Praise is a big part of potty training! You want to make sure you are making every pee/poop in the right area feel like it’s something amazing for them. Approach housebreaking your pup as if you were potty training a toddler. The more exciting/rewarding an experience is the more likely they are to continue to do it. 

Almost all dogs are food motivated, it’s built into their survival. Offering them verbal and consumable rewards just reinforces for them that they have done something right!

When you give positive reinforcement through attention and offer treats and praise, you will find that your Chihuahua will respond more positively.

The puppy will soon see how beneficial it is to do as they are told, which means they are that much more likely to continue the behavior moving forward.

Alternative Potty Methods – Training a Chihuahua to use a Litter Box

Yes… I said litter box and yes, I realize a Chihuahua is a dog and not a cat. If you have never heard of litter box training a puppy then you might be turning your nose up at it, but it is a real working solution that can help you solve the problem of your Chi using your house as their own personal toilet.

Litter boxes for toy breeds have become increasingly popular in recent years. The concept is the same as with the puppy pad method as mentioned above. Start by adding your Chis scent to the litter box and make sure to praise and repeat until they learn that is their designated potty spot.

The Bottom Line: Regardless of your Choice to Potty Train Indoors or Outdoors There is One Thing we can Agree on…

No one enjoys cleaning up dog pee or poop and house training your Chihuahua is a definite must! Remember if one method doesn’t work don’t give up! You may not have been planning on having an indoor potty station or having to go outside every two hours but it’s better for you and your Chi to do what works over what you had planned.

Cathy

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Mar

Sunday 24th of January 2021

I rescued a three-year-old Chihuahua I cannot walk her she goes on the Wii we pad but lately she’s been going on the floor and on my rug my son comes over once a week and takes her out for a walk and she loves it and just have business outside is that confusing her

Elsie Grogan

Tuesday 15th of December 2020

I am looking for a teacup Chi. I am a senior, looking for companion. Do you have one that won't sell, that's the one I would be interested in. Please help. I live in Tyler, Texas. My email, elsiegrogan2010@yahoo.com.Thanks

Cathy

Tuesday 15th of December 2020

I'm sorry Elsie, I don't sell chihuahuas, I just write about them.

Marilyn Ellis

Wednesday 25th of November 2020

My 16 month old teacup chi sleeps a lot. He probably sleeps 16 to 18 hours a day. Is this normal?

Cathy

Thursday 26th of November 2020

Most adult dogs sleep between 12-14 hours a day and puppies sleep between 18-20 hours a day. Your dog is just coming out of puppyhood so this may be normal. If he still sleeps this much by the time he is 2, it wouldn't be.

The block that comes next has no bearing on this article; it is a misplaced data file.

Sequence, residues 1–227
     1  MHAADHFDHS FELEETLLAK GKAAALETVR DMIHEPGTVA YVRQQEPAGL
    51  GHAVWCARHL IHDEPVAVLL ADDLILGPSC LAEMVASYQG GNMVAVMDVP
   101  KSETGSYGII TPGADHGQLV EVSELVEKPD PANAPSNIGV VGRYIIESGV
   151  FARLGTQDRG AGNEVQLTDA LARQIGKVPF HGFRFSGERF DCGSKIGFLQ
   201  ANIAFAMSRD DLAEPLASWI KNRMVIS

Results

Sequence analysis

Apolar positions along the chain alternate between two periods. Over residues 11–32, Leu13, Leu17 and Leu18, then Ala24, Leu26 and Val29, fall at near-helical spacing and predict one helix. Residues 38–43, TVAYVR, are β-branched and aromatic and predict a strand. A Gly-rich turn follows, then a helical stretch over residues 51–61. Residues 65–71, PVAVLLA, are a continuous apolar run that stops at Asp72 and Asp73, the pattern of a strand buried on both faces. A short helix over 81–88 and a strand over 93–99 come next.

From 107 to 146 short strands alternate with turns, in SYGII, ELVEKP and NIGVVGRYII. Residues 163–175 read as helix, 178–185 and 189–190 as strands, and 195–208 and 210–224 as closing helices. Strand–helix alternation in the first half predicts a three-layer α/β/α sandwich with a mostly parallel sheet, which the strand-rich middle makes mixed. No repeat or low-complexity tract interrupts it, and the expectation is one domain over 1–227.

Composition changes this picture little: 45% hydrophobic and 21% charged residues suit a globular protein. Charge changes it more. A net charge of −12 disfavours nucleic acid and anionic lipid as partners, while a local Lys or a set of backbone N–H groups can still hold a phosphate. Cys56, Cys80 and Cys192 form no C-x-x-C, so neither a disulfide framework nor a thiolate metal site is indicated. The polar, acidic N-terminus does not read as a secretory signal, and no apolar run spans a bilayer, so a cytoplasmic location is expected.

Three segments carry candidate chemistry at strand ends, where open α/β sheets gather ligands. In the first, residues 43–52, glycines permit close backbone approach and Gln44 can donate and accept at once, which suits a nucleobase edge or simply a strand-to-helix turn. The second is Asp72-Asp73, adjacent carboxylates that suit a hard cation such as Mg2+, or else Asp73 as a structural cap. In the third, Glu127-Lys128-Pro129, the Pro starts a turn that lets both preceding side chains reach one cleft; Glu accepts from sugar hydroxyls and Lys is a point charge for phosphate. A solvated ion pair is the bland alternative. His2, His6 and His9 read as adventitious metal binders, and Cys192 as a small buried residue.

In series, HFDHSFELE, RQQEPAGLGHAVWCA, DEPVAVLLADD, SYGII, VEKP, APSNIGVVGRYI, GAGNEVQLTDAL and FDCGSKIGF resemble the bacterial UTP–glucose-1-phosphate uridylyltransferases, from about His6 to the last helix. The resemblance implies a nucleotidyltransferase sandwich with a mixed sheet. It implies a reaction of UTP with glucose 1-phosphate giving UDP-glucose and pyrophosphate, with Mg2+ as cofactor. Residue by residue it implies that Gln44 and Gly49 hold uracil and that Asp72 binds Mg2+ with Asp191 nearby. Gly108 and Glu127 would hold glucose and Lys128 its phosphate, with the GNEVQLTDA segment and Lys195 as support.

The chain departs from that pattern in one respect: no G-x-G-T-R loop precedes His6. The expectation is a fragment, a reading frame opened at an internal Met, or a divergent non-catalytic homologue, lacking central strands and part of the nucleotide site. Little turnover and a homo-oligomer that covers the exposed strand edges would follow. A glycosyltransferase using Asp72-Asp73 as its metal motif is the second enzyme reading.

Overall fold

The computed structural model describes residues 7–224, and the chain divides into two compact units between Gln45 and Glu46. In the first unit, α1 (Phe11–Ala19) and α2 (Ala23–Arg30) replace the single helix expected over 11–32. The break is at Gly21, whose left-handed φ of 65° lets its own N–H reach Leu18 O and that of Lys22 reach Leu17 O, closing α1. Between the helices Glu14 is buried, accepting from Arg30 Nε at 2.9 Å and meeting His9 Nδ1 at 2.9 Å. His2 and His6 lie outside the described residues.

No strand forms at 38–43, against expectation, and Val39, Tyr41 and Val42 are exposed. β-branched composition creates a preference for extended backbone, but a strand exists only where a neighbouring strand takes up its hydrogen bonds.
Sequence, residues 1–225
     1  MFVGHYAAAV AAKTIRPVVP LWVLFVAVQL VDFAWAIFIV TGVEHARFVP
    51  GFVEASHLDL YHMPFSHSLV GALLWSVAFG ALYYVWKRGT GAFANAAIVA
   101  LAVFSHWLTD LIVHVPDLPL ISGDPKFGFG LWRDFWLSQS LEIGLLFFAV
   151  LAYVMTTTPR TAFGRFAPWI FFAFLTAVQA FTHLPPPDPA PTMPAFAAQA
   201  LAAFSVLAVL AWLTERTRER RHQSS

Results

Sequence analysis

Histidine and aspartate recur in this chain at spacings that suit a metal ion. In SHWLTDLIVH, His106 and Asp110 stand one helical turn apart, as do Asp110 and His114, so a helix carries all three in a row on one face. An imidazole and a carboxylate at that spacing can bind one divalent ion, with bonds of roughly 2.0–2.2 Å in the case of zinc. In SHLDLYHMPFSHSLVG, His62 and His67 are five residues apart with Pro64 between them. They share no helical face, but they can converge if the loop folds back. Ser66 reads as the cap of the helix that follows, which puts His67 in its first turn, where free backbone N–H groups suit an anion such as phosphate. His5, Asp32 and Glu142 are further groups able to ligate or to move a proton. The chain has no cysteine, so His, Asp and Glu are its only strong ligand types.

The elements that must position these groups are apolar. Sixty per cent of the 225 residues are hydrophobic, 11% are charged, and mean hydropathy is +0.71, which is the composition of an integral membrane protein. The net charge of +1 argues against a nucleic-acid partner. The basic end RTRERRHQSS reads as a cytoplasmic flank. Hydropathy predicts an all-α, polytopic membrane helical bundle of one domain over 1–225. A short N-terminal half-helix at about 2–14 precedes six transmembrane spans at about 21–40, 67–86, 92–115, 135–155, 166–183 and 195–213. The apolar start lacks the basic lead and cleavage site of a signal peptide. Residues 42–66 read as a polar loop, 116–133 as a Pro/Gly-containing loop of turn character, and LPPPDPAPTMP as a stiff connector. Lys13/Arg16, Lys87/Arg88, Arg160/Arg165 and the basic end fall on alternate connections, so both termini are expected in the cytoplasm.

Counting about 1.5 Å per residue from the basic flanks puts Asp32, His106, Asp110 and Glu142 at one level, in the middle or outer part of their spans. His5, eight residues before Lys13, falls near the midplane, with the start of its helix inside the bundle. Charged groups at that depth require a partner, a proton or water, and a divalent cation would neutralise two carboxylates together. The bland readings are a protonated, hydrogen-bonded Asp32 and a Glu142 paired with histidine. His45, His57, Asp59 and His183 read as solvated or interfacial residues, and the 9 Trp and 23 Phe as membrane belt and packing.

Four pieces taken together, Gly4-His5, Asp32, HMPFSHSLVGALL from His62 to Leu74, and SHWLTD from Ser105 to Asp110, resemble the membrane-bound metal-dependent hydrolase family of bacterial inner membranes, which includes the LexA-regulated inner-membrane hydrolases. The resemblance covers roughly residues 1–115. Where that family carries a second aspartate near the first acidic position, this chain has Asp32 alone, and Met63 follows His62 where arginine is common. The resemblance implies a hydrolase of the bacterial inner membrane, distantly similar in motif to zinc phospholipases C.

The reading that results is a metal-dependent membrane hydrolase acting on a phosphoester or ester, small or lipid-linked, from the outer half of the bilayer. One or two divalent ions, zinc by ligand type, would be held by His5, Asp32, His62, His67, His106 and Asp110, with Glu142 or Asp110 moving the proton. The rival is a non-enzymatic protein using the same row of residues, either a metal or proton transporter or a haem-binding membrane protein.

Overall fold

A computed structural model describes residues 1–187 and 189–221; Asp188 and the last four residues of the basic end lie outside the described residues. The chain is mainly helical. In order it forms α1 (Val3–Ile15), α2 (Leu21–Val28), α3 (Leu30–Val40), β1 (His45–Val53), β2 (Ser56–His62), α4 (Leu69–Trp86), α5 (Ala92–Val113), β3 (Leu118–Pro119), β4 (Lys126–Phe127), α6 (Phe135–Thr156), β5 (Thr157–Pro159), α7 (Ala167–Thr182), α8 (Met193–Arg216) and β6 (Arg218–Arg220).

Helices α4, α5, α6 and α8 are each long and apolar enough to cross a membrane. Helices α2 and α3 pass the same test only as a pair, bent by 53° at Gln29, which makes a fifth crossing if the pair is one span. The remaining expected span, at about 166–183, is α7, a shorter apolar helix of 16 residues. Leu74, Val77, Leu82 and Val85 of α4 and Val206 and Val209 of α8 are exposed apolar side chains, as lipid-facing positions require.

Raven

Sunday 13th of September 2020

Help! My family and I have our first Chi. She’s positively adorable, and brilliant, and that’s the problem. When we started the potty training process we opted for indoor pads - our yard, while fenced, has gaps underneath so bunnies can come through and drink at our fountain, and it’s be to easy for Pixie to get out as a result. Plus as we live in the high desert our temps can be a bit extreme. We'd been having a lot of success. She quickly figured out where her pad was, and to pee there, but she still would rather poo about 6-10 inches from the pad. She’s food driven, so we started giving treats, but we found she was drinking excessive amounts of water, and constantly going pee, so she’d get treats. So we started only treating when she'd poo, and just praise for pee. She’s now over 3 months and she still occasionally pees in the dog bed/play area, and this morning she actually, for the first time ever, peed on my father! This is her morning nap lap, and she’s never had an accident before. Today she didn’t even seem to make the attempt. Unfortunately I heard the situation second hand, so I’ve no idea if something triggered the behavior, or what. Regardless, how can I get my girl to understand you pee /and/ poo on the pad, not the floor, and that accidents on people are not ok. Just as an FYI - Pixie is current on her vaccines, and when last seen by the vet was found to be in good health.

Cathy

Tuesday 15th of September 2020

This sounds gross but pick the poo up and put it on the pad, for a little awhile so the smell of it is there. That will usually attract them to go on or very near the same spot. If she is suddenly peeing in places she didn't before, you may need to try the treat incentive again. Just don't give the treat every time. And you may need to keep her very close to you and watch for signs that she needs to potty, and then set her on the pad just to get it across that is where she needs to "go".

Joanne

Sunday 23rd of August 2020

I have 2 chi cross teacup schnausers that are four and a half months. One has started asking to go out but the other is still going next to the pee pad not on. Both go outside but end up distracted by play and seem to forget about going pottie even after half an hour outside.

Cathy

Sunday 23rd of August 2020

When one wants to go outside, I'd hold the other chi until the first one potties, then pick him up and put the other one down near where the first one peed. Usually they want to go near or on the same place other dogs have gone. When they both have done their business, then let them play together outside for a little while (that can be their reward).